A partnership involving the US Food and Drug Administration may speed up delivery of new tuberculosis drug combinations, says Priya Shetty.
This year's World Tuberculosis (TB) day on 24 March marks a critical halfway point in the Global Plan to Stop TB, launched by the Stop TB Partnership in 2006 to eliminate the disease by 2015.
The plan already has some success — the global incidence rate of TB is slowly falling, and in 2008 the treatment rate exceeded the 85 per cent target for the first time in more than a decade.
But more than two billion people — about a third of the world's population — are still infected with the TB bacterium, and each year the disease kills 1.8 million people.
A key development in the global fight against TB, launched this week, could prove to be the Critical Path to TB Drug Regimens (CPTR), a public-private partnership designed to speed up the development and approval of new treatments.
The initiative has a good pedigree — its founders are the Bill & Melinda Gates Foundation, the TB Alliance, the Critical Path Institute (C-Path) and six major pharmaceutical companies.
But, more importantly, it is being co-launched by the US Food and Drug Administration (FDA), which could also mean a new approach for fast-tracking drug development for diseases of the poor.
Need for TB drugs
New TB drugs are desperately needed. The existing treatment is a cocktail of drugs that must be taken over 6–8 months. Often, one of the biggest challenges facing healthcare professionals is simply ensuring that their patients finish the course of treatment.
Another growing challenge is the increasing number of people infected with TB who are also living with HIV. In 2008, 15 per cent (1.4 million) of the 9.4 million new TB cases were in people also infected with HIV.
TB is a leading killer of people with HIV — up to half the deaths of HIV/AIDS patients result from TB and a person with both diseases can be four times more likely to die during TB treatment than someone infected with TB alone (see Tuberculosis: Facts & figures).
The emergence of multidrug-resistant TB (MDR-TB) and extensively drug-resistant TB (XDR-TB), where patients cannot be treated with first-line drugs (or, in the case of XDR-TB, more expensive second-line drugs), further underscores the need for a new generation of TB drugs.
The last first-line drug approved for TB was rifampicin in the 1960s. And although there are several drugs in the pipeline — for example, the Stop TB Partnership hopes to introduce a new drug later this year — the prospects for new drug combinations have been less good.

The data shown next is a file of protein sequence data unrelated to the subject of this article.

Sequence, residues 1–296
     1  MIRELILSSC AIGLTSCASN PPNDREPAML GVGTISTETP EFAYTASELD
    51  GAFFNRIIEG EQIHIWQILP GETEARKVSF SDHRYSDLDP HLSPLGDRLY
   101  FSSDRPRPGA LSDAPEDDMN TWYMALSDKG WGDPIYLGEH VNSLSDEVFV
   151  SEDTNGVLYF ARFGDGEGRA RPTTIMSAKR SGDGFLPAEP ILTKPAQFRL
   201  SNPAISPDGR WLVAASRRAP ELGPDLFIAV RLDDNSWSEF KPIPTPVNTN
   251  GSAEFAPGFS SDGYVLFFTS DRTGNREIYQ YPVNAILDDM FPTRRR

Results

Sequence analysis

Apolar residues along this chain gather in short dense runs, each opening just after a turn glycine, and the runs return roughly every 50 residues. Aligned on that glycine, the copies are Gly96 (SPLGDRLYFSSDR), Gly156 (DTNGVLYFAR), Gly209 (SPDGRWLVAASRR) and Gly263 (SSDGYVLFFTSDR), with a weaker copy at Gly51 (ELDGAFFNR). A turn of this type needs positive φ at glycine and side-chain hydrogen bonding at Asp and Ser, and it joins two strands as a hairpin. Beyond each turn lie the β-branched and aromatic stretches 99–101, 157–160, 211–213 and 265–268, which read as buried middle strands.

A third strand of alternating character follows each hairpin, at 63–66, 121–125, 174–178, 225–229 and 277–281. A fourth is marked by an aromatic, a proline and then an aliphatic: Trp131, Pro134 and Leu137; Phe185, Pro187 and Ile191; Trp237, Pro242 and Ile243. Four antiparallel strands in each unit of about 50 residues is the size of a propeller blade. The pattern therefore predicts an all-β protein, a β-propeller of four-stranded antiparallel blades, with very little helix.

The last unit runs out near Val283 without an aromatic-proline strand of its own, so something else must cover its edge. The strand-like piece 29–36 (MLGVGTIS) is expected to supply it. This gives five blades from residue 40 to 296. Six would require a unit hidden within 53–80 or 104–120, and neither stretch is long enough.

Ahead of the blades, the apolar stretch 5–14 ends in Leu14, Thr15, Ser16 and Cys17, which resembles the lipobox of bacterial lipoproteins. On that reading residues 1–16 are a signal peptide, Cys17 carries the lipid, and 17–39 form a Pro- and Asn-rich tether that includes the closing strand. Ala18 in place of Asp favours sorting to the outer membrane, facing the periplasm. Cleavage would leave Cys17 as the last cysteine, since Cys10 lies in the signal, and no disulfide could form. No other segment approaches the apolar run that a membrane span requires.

This is where CPTR could make an impact. Sharing data among the CPTR partners could allow several TB drugs in development to be tested in combinations rather than individually. A treatment combination could be ready in a much shorter time than if each drug is first developed separately.
Role of the FDA
This is not the first data-sharing initiative for revitalising a flagging area of research and development in global health. Attempts to spur new drugs include the Open Source Drug Discovery database, led by India's Council of Scientific and Industrial Research, and launched in 2008 initially for TB.
But with the FDA on board and keen to "validate the appropriate tools to approve new combinations of TB therapies", the CPTR could deliver faster results and kickstart a new regulatory approach to harnessing collaborative know-how for practical solutions.
Indeed, clinical trials of new combinations could be launched by the end of this year.
Of course, the FDA will still need to maintain a rigorous regulatory process, particularly when it comes to managing clinical trials.
Not only are clinical trials increasingly undertaken in developing countries — many of which have a poor capacity for ethical review — their management is also increasingly being outsourced to private companies. Both trends raise ethical concerns that require ongoing consideration by the FDA.
Funding and commitment
Drug development is also an expensive process. The Stop TB Partnership estimates that less than half of the estimated US$56 billion needed to eliminate TB by 2015 will actually be available.
TB experts can learn much from colleagues working on HIV. In the late 1980s and early 1990s, HIV advocates pushed hard for research funding and, later, for access to the life-saving antiretrovirals that were developed.
The fight against TB needs the same commitment. Securing millions of dollars in today's shaky financial environment, where even HIV programmes are suffering, will not be easy.
Through the CPTR, TB researchers have an opportunity to unblock a stagnating TB drug development pipeline with an innovative approach to research. They owe it to millions of people to take it.